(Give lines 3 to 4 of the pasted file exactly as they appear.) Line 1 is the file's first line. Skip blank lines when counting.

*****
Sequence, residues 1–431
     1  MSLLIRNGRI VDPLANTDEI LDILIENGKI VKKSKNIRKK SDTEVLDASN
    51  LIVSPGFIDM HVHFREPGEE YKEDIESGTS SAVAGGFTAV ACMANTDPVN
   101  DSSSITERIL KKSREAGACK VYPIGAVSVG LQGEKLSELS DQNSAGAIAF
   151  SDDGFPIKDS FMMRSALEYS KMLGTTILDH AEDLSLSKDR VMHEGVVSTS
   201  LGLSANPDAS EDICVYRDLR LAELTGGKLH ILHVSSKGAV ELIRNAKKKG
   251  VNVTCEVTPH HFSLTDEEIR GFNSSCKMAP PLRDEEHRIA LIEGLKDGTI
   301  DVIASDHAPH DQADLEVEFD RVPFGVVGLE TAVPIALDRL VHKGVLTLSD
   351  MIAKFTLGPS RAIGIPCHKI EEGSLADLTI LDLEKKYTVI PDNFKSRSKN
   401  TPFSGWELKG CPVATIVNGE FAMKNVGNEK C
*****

    51  LIVSPGFIDM HVHFREPGEE YKEDIESGTS SAVAGGFTAV ACMANTDPVN
   101  DSSSITERIL KKSREAGACK VYPIGAVSVG LQGEKLSELS DQNSAGAIAF